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Fundamental Concepts of Metaphysics [201, 202, 203]

but the initial positing of man as consciousness in general, or as a nexus of lived experience or the like-all this must be put into question if a path is to be cleared for us to penetrate into the essence of boredom, and together with it into the essence of time.

If we choose a path through boredom, then it must be a path that leads into the depths of boredom itself. Calculating these depths indirectly by way of inference will not help us in any way. Yet can we tear these closed depths of boredom from out of concealment? If this is to be possible, then it can happen only if these very depths of the essence of boredom open themselves up. This in turn is possible only if profound boredom bores as such, if this profound boredom attunes us through and through and thus puts us in a position to measure the extent of this boredom itself in its depths.


§30. No longer permitting any passing the time as
understanding the overpowering nature of profound
boredom. Being compelled to listen to what profound
boredom gives us to understand.


Are we familiar with this profound boredom? Perhaps we are familiar with it. Yet we now know from what has already been said that the more profound the boredom, the more silent, the less public, the quieter, the more inconspic­uous and wide-ranging it is. Correspondingly, our accompanying passing the time is less recognizable as such. Perhaps indeed there is no passing the time at all for this profound boredom. Perhaps this absence of any passing the time is distinctive of it.

The forms of boredom we have dealt with hitherto have already been char­acterized and designated as becoming bored by something in a particular situation, and as being bored with something on the occasion of a particular situation. And profound boredom? How are we to designate this? We shall try to do so, and shall say that profound boredom bores whenever we say, or better, whenever we silently know, that it is boring for one.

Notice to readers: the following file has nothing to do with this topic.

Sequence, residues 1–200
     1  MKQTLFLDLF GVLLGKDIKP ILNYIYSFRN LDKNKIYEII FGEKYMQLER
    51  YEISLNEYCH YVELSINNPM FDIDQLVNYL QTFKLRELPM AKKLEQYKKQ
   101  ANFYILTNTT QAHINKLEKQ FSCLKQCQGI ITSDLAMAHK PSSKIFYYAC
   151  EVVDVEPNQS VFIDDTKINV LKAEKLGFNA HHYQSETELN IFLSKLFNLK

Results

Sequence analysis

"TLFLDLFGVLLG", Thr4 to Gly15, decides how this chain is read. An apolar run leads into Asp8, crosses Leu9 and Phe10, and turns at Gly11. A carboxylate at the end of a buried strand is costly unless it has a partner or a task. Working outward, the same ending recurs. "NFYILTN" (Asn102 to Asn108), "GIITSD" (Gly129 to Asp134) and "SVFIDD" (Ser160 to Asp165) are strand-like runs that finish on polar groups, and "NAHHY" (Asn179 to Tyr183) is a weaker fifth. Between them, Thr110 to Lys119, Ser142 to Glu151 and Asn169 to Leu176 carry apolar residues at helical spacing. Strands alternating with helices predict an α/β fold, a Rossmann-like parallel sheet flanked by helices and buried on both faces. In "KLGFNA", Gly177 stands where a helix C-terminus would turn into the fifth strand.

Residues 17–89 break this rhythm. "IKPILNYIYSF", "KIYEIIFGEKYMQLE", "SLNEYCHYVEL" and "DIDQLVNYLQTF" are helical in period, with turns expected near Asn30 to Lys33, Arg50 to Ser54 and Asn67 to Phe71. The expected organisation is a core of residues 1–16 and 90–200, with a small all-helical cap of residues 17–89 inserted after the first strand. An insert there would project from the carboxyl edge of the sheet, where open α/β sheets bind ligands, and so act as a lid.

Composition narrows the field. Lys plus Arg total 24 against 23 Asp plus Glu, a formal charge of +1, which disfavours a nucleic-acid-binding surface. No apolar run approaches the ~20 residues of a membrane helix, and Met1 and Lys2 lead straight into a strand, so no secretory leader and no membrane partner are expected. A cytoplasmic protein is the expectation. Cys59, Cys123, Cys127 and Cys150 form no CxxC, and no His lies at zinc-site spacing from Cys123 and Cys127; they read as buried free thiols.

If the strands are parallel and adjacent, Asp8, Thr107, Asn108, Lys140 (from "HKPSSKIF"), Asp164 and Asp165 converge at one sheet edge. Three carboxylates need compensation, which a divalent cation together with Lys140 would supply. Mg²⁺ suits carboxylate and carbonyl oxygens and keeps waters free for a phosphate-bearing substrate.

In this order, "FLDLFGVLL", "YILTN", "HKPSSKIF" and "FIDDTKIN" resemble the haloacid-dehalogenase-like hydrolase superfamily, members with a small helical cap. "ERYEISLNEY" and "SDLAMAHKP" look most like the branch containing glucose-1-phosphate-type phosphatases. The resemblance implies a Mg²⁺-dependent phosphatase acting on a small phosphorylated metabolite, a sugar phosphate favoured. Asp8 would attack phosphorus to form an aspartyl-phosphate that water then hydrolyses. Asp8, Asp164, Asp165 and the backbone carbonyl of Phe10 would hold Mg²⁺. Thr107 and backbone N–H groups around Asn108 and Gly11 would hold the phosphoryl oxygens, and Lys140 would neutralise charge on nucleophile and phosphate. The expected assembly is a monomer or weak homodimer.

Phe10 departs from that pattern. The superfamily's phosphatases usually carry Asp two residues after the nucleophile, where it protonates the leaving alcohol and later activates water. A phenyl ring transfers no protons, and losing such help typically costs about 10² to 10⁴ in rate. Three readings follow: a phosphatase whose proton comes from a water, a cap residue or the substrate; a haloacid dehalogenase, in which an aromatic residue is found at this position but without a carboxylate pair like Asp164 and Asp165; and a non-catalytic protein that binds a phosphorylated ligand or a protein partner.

It is boring for one. What is this 'it'? The 'it' that we mean whenever we say that it is thundering and lightening, that it is raining. It-this is the title for whatever is indeterminate, unfamiliar. Yet we are familiar with this, after all, and familiar with it as belonging to the more profound form of boredom: that which bores. It-one's own self that has been left standing, the self that every­one himself or herself is, and each with this particular history, of this particular standing and age, with this name and vocation and fate; the self, one's own beloved ego of which we say that I myself, you yourself, we ourselves are bored. Yet we are now no longer speaking of ourselves being bored with ... , but are saying: It is boring for one. It-for one-not for me as me, not for you as you,

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